Examples exist in musical history of concerts being staged for philanthropic purposes. In 1749, the composer George Frideric Handel wrote his Foundling Hospital Anthem, and put on annual performances of Messiah, to support an orphans' charity in London. While many composers and performers took part in concerts to raise donations charitable causes, it was also not unusual in the 18th and 19th centuries for musicians to stage performances to raise funds for their own professional work, such as Ludwig van Beethoven's 1808 Akademie concert.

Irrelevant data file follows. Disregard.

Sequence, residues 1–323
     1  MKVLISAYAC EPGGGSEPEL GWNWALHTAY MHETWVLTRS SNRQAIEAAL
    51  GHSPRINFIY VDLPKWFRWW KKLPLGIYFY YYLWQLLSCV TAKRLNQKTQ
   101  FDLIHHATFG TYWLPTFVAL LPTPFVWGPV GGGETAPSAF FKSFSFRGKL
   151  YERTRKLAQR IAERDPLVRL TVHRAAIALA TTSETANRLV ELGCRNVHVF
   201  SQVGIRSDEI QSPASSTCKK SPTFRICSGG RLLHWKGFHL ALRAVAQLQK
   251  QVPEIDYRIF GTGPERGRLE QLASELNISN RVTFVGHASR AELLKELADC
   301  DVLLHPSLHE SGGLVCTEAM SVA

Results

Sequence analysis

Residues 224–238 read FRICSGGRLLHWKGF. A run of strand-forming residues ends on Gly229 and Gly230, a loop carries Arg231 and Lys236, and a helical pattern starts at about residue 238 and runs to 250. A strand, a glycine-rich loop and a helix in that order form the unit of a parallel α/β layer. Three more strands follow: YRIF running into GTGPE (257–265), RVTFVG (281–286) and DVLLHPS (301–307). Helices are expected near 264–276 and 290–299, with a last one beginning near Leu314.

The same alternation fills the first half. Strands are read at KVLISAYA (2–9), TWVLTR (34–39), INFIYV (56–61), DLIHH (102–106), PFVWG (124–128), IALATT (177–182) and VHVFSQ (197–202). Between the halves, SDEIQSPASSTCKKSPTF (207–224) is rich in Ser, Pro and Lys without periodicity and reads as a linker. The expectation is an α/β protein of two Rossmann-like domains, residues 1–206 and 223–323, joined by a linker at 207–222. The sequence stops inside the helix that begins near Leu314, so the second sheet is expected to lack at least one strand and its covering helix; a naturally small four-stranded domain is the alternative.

The modern understanding of a benefit concert is of a large-scale, popular event put on to support a charitable or political cause. In the modern era, the first benefit concert is generally held to be the Concert For Bangladesh, a programme of two events held at Madison Square Garden in New York City in 1971, which were organized by George Harrison and Ravi Shankar. However, the format of most modern concerts was established in 1985 by Bob Geldof’s Live Aid event.